Over a decade ago, I earned my Bachelor of Business Administration in Computer Information Systems at Western Michigan University. I stand by what I've said over the years, which is I felt the Haworth College of Business at WMU equipped me well to face the challenges of the business world. I also think the BBA program at HCOB is as good as any other BBA program in the state of Michigan (University of Michigan and Michigan State included). I have been very successful in my career since I graduated, but what I learned while at WMU was that higher education is what you make of it. I learned how to work hard, collaborate, lead teams, perform advanced problem solving, deal with difficult situations, just to name a few. These skills are the foundation of being successful in business. People have always said, it's not as important where you receive your undergrad degree from, as long as you have it. For the most part, I agree with that statement as long as you make an effort to get as much out of it as you can.
Which brings me to my next point...
On the contrary to above, in business people typically say it is more important to go to a top notch school for an MBA. I have always desired to earn a Master of Business Administration degree. Over the last 10+ years, I focused more on the specific technology I was using at the time (and earning certifications along the way), rather than advancing my career with higher education. In addition, my employer would not contribute at all to an MBA degree, so I never went back to school as a result. Now that I've switched companies and career focus to slightly less technical and more leadership, I am planning on applying to graduate schools and studying for the GMAT.
In evaluating the options, according to all of the "rankings" (which you may or may not hold stock in), there are only two programs in Michigan that are considered top tier MBA programs:
1. University of Michigan - Ann Arbor - http://www.bus.umich.edu/
2. Michigan State University - Eli Broad, http://www.bus.msu.edu/
Followed by several AACSB certified programs in my local area:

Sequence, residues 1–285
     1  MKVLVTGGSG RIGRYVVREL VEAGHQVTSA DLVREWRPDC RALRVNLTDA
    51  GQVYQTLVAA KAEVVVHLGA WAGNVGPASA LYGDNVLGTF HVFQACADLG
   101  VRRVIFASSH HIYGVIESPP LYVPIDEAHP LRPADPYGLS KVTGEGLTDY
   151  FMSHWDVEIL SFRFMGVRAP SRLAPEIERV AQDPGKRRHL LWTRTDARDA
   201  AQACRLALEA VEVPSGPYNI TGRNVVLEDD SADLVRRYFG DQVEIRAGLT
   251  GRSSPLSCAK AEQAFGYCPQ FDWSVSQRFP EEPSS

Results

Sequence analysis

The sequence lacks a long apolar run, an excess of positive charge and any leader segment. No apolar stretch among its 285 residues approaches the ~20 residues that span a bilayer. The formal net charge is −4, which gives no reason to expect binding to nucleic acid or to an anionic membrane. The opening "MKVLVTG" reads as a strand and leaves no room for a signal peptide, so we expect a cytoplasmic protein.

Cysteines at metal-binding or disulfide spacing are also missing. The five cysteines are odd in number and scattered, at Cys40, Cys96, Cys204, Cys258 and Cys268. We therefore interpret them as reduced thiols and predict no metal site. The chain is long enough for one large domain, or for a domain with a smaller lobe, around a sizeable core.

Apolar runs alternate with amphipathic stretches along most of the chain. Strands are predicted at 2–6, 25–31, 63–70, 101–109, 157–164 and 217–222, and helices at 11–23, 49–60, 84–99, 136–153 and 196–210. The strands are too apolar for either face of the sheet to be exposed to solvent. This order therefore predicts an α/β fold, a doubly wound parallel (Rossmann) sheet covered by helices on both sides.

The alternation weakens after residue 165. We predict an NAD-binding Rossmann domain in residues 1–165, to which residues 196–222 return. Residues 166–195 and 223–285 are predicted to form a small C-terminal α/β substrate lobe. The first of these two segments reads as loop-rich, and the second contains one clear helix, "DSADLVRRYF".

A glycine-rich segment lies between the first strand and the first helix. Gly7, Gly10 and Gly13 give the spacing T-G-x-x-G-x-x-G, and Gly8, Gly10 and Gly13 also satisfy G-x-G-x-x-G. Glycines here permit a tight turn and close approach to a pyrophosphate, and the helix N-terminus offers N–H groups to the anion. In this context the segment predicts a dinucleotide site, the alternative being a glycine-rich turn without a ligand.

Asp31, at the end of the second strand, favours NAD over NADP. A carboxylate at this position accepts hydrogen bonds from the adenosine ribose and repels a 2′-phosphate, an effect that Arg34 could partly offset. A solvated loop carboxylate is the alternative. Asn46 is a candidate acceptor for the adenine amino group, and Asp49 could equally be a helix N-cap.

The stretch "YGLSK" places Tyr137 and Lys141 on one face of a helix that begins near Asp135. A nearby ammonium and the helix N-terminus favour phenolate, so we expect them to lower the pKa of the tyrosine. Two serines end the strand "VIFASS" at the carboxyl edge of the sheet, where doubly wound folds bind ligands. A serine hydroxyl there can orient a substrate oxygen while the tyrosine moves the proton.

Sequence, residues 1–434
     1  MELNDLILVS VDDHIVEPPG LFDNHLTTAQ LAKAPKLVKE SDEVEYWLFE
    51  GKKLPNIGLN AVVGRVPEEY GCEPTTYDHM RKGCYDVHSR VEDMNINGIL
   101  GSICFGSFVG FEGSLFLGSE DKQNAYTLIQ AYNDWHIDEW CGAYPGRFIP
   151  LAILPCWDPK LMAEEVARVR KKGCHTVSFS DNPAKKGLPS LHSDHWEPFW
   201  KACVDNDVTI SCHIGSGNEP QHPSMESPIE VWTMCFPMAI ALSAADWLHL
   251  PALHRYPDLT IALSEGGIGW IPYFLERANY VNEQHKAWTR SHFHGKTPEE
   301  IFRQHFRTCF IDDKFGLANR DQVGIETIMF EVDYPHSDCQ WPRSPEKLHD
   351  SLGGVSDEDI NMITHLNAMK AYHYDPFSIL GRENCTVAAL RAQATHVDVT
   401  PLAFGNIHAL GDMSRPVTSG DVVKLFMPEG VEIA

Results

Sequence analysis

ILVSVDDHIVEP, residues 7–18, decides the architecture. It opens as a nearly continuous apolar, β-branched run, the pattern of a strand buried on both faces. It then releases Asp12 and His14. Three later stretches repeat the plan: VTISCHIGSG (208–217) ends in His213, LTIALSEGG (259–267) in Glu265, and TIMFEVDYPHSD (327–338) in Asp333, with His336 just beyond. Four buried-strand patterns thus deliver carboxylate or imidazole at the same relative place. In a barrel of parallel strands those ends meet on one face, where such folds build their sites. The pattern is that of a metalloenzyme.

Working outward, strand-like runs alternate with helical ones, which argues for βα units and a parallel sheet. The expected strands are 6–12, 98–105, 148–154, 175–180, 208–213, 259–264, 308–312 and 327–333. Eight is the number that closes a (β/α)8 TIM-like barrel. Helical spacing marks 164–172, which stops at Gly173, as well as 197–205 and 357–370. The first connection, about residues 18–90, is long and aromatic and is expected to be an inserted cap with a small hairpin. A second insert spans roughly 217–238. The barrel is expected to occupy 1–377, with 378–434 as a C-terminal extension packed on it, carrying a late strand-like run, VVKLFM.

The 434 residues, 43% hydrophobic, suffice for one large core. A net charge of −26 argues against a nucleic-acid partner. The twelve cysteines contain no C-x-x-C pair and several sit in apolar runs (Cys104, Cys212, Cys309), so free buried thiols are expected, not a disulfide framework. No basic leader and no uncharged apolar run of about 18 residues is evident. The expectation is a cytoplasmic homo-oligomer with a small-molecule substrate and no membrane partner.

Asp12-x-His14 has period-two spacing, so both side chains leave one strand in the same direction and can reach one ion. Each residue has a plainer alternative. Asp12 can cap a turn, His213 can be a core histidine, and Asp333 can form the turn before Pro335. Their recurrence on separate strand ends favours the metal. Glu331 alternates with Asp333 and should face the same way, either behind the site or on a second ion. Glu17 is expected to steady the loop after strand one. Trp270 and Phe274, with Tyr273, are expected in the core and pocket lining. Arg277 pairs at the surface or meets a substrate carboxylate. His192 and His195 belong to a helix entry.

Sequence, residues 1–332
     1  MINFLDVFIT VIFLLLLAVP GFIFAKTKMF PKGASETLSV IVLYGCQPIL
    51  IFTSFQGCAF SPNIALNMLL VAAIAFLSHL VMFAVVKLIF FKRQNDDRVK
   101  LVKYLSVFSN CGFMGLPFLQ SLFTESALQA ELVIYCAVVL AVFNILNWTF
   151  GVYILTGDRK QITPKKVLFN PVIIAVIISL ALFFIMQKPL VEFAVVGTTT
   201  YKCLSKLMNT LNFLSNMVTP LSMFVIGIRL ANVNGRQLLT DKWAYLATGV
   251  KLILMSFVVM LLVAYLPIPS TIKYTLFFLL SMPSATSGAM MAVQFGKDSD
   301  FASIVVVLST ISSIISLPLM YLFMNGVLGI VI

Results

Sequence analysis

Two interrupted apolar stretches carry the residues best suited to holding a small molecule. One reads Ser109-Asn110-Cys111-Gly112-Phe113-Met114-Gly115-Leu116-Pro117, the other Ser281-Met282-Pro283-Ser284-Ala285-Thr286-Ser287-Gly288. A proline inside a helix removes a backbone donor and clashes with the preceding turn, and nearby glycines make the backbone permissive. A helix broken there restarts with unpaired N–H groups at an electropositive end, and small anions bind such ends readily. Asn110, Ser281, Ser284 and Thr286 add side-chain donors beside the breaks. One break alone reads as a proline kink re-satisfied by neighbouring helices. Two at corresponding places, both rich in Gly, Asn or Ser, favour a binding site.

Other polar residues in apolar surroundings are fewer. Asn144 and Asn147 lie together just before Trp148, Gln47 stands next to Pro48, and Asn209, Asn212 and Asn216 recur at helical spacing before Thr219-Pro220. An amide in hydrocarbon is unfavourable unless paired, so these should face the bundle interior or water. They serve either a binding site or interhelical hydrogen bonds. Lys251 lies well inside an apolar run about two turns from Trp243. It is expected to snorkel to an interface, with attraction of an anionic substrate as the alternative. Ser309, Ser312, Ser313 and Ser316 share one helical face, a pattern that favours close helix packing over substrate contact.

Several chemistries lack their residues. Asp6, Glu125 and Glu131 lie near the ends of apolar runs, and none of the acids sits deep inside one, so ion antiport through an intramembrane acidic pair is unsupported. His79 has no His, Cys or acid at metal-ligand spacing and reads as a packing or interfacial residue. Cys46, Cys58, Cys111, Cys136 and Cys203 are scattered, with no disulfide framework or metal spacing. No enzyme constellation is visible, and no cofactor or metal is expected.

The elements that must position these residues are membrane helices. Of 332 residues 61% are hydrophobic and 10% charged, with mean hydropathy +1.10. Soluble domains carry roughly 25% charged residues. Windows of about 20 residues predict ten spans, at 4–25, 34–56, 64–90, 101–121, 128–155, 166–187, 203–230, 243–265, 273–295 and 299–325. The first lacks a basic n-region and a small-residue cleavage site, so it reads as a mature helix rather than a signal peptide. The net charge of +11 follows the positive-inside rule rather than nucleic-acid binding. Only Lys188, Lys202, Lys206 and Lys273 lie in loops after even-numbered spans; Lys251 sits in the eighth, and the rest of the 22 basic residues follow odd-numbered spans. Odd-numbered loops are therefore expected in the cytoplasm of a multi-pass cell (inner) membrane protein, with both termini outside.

- Wayne State University - http://www.busadm.wayne.edu/
- University of Detroit Mercy - http://business.udmercy.edu
- University of Michigan Dearborn - http://umd.umich.edu/
- Oakland University - http://www.sba.oakland.edu/
Note: I have ruled out WMU, CMU, and EMU for various reasons, but these schools are also AACSB certified.
University of Michigan's Ross School of Business is a 60 credit (most MBA programs are 36 to 45), extremely expensive program which will probably cost around $90,000 or more to go part time, and take 5 to 8 years to complete. I cannot justify that cost or effort required at this point in my career, and I would never realize a positive ROI.
Michigan State University's program is a weekend lockstep accelerated program, which you complete on alternating fridays and weekends over an 18 month period. It is very intense and challenging program, and also expensive at the cost of $50,000. However the bright side is you are done in just 18 months. I will definitely look into this program more. Also offered is an EMBA program at an additional $27,000 expense.
Wayne State University surprised me, as it has the following rankings to make note of:
- Listed in Princeton Review's as one of the top 290 MBA programs
- #93 in the United States according to the Academic Ranking of World Universities (only two higher are Michigan and MSU)
- National Science Foundation has WSU at #63
- Listed as one of America's Best Colleges in the 4th tier according to US News.
Who knows if any of this means anything, but one thing I do like is they offer the most flexibility. A student can choose to take individual classes on campus, at the satellite campus in Farmington Hills, or online. In fact, the online MBA is ranked #21 in the country according to GetEducated.com, higher than University of Wisconsin, Auburn, and University of Massachusetts to name a few. I will definitely consider this program and research more about it.
University of Detroit Mercy's MBA program is also intriging. The university's website states, "For the eighth consecutive year, University of Detroit Mercy is listed in the top tier of Midwestern Master's Universities in the 2009 edition of the U.S.News and World Report's "America's Best Colleges." The University was ranked one of the top 25 schools in its category, the highest-ranking school in Michigan. In the yearly guide, hitting newsstands this week, University of Detroit Mercy was also rated fifth in the "Great Schools, Great Prices" category. According to U.S. News, this ranking highlights the best financial value as it relates to a school's academic quality." Tuition seems reasonable, and scholarships are availabile for anyone scoring higher than 600 on the GMAT. I will also be considering UDM for an MBA.
University of Michigan-Dearborn also has a competitive MBA program structured similarly to the program down the road in Ann Arbor. One key difference is they offer evening and online courses as well, which makes it more convienient. Students can apply for waivers to bring the credits down from 60 credits if they have prior business school experience, but there are some significant restrictions. The "Michigan" reputation typically carries over somewhat to Dearborn's campus, but not entirely. I will likely apply here as well. However, I am not interested in a 60 credit MBA program, so I would need to see how this shakes out.
Oakland University has an strong reputation in the local southeast Michigan area, and is probably an underrated program. There is not as much information about this program available compared to the others, probably due to the smaller size. I will be looking into this program as well.
I will be blogging on my reasoning as I narrow down this decision further on which schools I am considering.